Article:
Submitted by SamSarah as originally appeared in the December 31, 1995 issue of New York Times Magazine.
As SAMANTHA STEPHENS, the witch-turned-suburban-housewife in Bewitched, Elizabeth Montgomery, a sunny, spunky, vaguely tomboyish blonde, was a transition from Doris Day, the marriage-minded virgin of the 1950's movies, to Mary Tyler Moore, the independent but vulnerable career woman of 1970's television. The series ran from 1964 to 1972 and has won new fans through its current broadcasts on Nick at Night. Like I Dream of Jeannie, which premiered a year later, Bewitched shows women as uncanny superior beings who renounce their magic powers to fit into their narrow domestic role in post-war America. Barbara Eden's Jeannie is far more overtly sexual than Montgomery's Samantha, who has the breezy, androgynous nick-name Sam. But even Jeannie ends up cozy and cuddly, unlike Kim Novak's eerie witch in the 1958 film Bell, Book and Candle.
In Bewitched, Samantha struggles to be merely human, defending her bland domestic zone against a meddlesome clan of witches and wizards. Her battle-ax mother, Endora, ruthlessly heaps primeval scorn on Samantha's hopelessly square mate. On the show, men are oafish but endearing, and must be manipulated for their own good. Montgomery's Samantha still resonates because sexual relations remain turbulent -- romance is witchcraft for which no one knows the rules.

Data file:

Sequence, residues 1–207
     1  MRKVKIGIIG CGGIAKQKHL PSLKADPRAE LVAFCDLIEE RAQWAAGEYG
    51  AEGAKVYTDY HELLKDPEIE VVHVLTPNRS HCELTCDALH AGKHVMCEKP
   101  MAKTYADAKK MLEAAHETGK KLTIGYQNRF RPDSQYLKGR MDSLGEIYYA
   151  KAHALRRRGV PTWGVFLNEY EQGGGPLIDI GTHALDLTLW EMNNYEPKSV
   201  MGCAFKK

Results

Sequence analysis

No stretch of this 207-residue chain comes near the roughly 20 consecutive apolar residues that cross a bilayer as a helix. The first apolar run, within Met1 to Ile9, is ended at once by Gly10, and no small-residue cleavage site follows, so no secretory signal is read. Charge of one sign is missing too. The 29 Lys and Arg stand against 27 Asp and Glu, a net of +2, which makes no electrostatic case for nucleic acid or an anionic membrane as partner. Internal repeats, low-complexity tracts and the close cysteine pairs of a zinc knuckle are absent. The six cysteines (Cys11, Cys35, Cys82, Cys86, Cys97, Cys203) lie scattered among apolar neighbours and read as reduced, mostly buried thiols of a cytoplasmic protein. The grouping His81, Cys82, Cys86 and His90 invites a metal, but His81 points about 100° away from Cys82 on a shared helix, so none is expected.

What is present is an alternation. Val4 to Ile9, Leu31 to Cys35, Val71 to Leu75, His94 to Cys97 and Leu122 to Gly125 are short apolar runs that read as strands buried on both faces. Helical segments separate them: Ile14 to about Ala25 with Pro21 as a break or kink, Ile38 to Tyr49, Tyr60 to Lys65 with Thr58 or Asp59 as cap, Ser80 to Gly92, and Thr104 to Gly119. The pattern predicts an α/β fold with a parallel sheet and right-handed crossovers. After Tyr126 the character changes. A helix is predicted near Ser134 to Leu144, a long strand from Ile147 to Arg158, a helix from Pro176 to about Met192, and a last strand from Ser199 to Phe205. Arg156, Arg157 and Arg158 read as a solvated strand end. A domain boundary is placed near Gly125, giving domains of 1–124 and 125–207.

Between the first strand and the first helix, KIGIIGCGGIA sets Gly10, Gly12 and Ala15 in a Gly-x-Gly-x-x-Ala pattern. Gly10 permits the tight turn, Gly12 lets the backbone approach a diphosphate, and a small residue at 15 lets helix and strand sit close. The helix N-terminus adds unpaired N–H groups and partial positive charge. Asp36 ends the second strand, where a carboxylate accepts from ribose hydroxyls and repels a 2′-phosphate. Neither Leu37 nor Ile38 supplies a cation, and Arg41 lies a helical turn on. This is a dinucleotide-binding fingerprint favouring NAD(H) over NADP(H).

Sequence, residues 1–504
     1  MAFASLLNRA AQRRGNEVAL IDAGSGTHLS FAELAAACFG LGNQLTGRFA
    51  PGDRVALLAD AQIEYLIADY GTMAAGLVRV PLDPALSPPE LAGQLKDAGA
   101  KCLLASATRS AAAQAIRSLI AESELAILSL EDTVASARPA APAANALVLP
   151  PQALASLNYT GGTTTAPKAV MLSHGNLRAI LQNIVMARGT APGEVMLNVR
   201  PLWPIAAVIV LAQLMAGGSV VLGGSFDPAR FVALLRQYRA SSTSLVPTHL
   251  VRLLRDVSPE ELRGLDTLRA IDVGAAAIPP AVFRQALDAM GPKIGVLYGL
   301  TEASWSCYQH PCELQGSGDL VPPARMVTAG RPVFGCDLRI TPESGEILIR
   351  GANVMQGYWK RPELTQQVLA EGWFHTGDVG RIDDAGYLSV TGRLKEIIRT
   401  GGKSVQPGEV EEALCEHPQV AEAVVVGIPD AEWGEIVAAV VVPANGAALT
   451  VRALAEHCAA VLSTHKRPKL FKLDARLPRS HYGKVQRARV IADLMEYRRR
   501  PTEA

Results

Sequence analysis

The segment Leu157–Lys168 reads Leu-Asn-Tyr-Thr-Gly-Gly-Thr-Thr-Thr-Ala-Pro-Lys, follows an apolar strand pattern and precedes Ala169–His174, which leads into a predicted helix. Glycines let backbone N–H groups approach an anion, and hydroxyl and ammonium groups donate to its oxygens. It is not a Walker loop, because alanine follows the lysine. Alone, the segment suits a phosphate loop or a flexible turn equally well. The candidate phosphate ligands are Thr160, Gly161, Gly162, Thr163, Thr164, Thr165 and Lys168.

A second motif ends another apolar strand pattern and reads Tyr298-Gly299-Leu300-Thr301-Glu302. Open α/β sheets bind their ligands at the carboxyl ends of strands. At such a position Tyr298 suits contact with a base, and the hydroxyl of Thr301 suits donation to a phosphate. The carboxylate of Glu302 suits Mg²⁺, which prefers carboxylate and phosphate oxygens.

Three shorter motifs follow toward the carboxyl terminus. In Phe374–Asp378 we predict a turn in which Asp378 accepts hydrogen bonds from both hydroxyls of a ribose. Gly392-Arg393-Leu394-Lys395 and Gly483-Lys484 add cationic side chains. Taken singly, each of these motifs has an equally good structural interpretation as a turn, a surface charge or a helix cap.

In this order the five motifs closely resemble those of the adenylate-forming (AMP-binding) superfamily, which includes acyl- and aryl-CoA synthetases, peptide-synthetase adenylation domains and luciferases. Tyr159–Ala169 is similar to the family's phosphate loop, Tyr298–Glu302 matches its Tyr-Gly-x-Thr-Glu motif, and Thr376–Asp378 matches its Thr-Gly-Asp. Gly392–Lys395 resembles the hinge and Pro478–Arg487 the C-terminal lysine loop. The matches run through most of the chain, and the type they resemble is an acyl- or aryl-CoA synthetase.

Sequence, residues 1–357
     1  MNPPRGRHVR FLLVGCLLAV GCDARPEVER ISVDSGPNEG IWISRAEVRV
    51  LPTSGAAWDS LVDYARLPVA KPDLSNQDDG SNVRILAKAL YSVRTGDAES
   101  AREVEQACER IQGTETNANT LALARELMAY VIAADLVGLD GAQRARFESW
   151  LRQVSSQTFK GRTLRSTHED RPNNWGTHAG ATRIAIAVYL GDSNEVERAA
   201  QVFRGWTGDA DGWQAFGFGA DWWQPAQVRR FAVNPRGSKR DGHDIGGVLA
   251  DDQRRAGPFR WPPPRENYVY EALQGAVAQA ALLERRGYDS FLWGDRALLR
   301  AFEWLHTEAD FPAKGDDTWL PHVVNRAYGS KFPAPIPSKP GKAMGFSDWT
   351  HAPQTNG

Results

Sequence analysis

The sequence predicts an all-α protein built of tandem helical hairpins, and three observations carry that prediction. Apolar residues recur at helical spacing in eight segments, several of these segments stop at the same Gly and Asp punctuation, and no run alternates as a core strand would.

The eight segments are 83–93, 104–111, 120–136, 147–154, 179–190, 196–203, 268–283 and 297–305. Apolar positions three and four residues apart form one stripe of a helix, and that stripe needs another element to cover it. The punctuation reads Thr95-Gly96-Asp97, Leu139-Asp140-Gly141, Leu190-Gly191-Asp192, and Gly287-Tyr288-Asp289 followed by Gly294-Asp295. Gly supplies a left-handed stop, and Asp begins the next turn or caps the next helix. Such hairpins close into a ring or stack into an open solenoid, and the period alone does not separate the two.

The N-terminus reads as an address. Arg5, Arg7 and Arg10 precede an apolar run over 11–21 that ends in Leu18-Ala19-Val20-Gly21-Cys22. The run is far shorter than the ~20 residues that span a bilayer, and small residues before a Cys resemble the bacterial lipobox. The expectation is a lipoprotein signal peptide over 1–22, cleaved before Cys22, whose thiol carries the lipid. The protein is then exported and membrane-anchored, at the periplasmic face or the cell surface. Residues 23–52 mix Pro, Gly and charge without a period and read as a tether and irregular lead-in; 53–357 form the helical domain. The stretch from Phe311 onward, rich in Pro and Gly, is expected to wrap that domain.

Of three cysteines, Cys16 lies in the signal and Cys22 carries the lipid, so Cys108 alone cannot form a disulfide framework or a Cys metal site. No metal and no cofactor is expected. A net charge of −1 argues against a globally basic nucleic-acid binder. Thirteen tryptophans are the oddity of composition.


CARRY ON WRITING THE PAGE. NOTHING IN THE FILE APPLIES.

Her Samantha was a superhero struggling to be merely human.
A universal of world mythology, the witch symbolizes woman's special connection to nature, her mysterious command of the cycle of birth and death. Like Arthur Miller's Crucible, which was a canonical text when the show premiered, Bewitched suggests the tension between individualism and middle-class normality. Aspiring toward model good citizenship, Samantha forever remains the alien trying to "pass." Her spirited relatives are like flamboyant ethnic immigrants refusing to conform to the requisite WASP persona. Given what was going on in America at the time -- protests, assassinations, riots -- it is clear how situation comedy often is a comforting preserver of established social values. Scolding and taming her apparitions, Samantha resembles Sgt. Joe Friday, sternly battling the insane excess of the occultist, psychedelic 60's.
Montgomery's father, the actor Robert Montgomery, was a staunch conservative who inveighed against the triviality of television, where his daughter, who was active in liberal causes, won her greatest fame. Elizabeth Montgomery's bewitching duality as Samantha, who both accepts and subverts social limits, may have come from her complex attitude towards her father's America, which she wanted to respect and yet to reform.